is old. Do not make the child feel that you are rushed. Give
him ample time and let him know that he is tremendously important
(6) Be on the lookout for times when the child might want
to talk to his parent. Sometimes the young person might be a
bit timid to talk to Mom and Dad. Oftentimes a wise mother or
father will suggest that they talk as he sees the need arising
in the life of a child. Be on the lookout for such times and
give ample opportunity for them to discuss their problems with
(7) Always be confidential. When the child talks to the parent
in confidence, it should be kept in strict confidence. Once the
parent has betrayed this the child will be reluctant to share
his problems with the parent again or to return to the parent
(8) Build up the child's confidence in the parent. There should
be a definite understanding that Mom and Dad are big and important
people. A child should be trained to believe that Dad's advice
is as good as the school teacher's and that Mom's is as good
as any special counselor's. Do not make such statements as, "Dad
is not an expert here." Lead the child to believe that Mother
and Dad are loving experts who can give advice worthy of being
We have been discussing the Christian's cabinet. On that cabinet
should be the Pastor, the parents, someone with the gift of wisdom,
sincere friends, and people successful in your chosen field.
Take a moment now and list your cabinet. Write their names on
a piece of paper. Keep the list accessible. When there is a decision
to make, go to your cabinet members and ask their counsel and
advice. Of course, the decision is yours, but it should no be
made without consulting the cabinet.
"Wisdom is the principal thing: therefore get wisdom:
and with all thy getting get understanding." (Proverbs 4:7)
"To give subtilty to the simple, to the young man knowledge
and discretion." (Proverbs 1:4)
"My son, attend unto my wisdom , and bow thine ear to
my understanding." (Proverbs 5:1)
"How much better is it to get wisdom than gold! and to
get understanding rather to be chosen than silver!" (Proverbs
"He that getteth wisdom loveth his own soul: he that
keepeth understanding shall find good." (Proverbs 19:8)
Education is the acquiring of knowledge and the wisdom with
which to use it properly. Few things have been as perverted in
our generation as the concept of what education really is.
1. Formal education is just one form of education. To be sure,
it is a very vital one, but it is not the only one. There are
those among us, sad to say, who feel that the only way to acquire
an education is through formal training. Some have even made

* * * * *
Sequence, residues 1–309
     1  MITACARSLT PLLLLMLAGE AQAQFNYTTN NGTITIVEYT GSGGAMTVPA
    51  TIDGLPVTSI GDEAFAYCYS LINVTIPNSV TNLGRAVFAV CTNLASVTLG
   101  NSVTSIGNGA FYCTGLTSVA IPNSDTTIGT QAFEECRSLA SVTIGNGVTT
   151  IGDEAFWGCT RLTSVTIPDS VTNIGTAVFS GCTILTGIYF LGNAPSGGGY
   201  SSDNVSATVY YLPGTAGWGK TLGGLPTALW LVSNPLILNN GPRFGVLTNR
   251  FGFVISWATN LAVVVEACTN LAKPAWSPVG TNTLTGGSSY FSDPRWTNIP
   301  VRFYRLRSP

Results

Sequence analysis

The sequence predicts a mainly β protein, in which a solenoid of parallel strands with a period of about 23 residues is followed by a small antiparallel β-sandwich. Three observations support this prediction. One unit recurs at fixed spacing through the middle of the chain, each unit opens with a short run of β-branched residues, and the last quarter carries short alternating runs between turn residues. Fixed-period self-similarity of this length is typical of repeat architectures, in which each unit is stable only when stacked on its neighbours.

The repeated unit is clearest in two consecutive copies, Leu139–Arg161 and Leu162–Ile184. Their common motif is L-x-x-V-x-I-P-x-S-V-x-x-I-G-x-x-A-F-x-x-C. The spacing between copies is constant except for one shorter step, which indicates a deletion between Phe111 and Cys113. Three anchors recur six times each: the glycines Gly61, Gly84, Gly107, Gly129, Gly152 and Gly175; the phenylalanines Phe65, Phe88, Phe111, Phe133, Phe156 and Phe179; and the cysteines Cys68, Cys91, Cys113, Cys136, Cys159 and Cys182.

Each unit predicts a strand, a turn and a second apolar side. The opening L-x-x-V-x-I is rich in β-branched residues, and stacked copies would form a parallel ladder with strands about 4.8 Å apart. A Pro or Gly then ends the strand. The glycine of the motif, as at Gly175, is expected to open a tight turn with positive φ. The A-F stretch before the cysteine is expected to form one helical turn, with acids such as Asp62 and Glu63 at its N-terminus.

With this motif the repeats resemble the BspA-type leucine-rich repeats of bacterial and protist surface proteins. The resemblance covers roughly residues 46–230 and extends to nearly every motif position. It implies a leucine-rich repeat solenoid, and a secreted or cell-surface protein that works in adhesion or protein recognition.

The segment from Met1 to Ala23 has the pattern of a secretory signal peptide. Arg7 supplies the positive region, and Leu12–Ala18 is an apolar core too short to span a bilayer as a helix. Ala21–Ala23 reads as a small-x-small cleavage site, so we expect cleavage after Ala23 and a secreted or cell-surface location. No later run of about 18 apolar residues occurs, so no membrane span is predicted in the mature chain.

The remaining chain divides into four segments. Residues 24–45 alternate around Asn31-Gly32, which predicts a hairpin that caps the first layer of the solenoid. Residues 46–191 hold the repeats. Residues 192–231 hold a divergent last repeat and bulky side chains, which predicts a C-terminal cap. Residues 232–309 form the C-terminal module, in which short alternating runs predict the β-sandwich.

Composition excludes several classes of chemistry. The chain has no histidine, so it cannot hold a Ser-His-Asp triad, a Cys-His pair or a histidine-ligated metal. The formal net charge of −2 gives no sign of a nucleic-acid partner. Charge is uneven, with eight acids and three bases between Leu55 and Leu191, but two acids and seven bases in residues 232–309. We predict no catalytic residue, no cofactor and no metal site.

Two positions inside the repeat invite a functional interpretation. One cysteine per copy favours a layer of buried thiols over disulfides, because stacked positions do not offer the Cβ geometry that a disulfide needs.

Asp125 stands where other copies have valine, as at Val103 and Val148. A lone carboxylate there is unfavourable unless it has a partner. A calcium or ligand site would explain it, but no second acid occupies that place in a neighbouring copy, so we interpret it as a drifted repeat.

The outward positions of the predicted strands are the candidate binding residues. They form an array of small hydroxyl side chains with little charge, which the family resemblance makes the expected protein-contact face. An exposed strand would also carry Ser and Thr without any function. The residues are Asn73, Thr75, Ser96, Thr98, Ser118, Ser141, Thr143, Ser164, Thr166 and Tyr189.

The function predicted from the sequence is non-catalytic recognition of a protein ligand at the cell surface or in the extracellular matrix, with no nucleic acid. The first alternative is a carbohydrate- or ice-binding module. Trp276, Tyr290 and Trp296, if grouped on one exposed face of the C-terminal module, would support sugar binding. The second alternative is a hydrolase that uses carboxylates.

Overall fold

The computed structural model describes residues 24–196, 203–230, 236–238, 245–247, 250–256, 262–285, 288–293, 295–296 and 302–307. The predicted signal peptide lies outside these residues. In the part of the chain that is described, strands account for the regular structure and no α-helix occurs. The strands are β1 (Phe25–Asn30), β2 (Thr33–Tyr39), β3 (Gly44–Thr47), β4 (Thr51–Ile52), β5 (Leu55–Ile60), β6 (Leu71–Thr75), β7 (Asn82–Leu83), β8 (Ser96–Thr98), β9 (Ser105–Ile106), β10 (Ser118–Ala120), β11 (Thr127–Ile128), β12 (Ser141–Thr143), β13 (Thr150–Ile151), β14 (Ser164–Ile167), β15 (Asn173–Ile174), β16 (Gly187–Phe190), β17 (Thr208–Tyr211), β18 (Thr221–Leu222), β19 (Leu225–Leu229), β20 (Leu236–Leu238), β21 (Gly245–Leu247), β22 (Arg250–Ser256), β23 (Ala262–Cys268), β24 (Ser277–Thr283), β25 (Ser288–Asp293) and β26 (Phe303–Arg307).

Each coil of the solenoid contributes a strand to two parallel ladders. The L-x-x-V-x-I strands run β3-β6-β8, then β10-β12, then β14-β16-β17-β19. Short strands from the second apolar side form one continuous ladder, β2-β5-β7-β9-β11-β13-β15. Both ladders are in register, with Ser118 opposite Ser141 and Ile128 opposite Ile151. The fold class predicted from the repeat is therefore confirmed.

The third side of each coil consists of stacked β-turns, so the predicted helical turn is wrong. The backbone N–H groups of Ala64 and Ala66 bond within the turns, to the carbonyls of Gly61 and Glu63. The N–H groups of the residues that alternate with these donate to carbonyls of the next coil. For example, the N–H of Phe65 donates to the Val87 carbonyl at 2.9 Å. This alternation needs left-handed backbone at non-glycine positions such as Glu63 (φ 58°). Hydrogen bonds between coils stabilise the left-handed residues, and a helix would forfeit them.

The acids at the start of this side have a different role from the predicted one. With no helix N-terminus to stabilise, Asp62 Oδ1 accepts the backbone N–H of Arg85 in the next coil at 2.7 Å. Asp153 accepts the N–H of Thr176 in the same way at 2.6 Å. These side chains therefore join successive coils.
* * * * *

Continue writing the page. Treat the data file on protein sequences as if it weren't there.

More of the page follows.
a god of formal education and have fallen into the pit of judging
every person by how many schools and what schools he has attended.
Someone has said, "There is no fool like an educated fool."
Perhaps an educated fool is one of those persons who feels that
one's social standing should be determined by the number of hours
he has spent in formal training. The truth is that some of the
most educated people that I have ever met had very little formal
training. This is not to discount the importance of formal training;
it is simply to attempt to keep others from discounting the importance
of the acquiring of knowledge and wisdom from every source and
not just one. How tragic it is to find someone so self-centered
and so perverted that he feels the only way to acquire knowledge
is in the use of the particular methods he used. Someone has
said, "The only difference between college graduates and
those who have never been to college is that they are uneducated
in different subjects."
2. Education is more than knowledge. How tragic it is when
one comes to a time in life when n he feels that becoming an
educated person is simply to become a dictionary with a fleshly
binding. A truly educated person has more than an accumulation
of facts. He has the wisdom with which to use those facts. When
this wisdom is obtained one also becomes tolerant to those with
fewer facts. Someone has said, "The most dangerous thing
in the word is a man with a brain that is well educated but who
does not have enough character to know how to use it.
3. All people are educated to a degree. Of course, some are
educated more than others, and the truth is that most of the
most educated people whom I have ever known were very limited
in formal training. For example, some of the most successful
preachers in history have been men with little formal training.
In some cases, the pastors of the world's largest churches are
men whom some would consider unqualified to pastor and whom smaller
churches would not even consider. This is not to minimize the
importance of formal training, for certainly, the usual case
should allow for such training. We are simply pleading for the
case of allowing some possibility that a person without the formal
training could be very educated. The average pulpit committee
would not consider a man with the formal training of a Dwight
Moody or Billy Sunday. How sad!
4. Successful people without the formal training are the exception
rather than the rule. It is usually best for young people to
pursue the normal preparation required for a certain field. I
recommend to my young men who are called to preach that they
go to college, and if possible, seminary.
A young man once went to a seminary professor on his first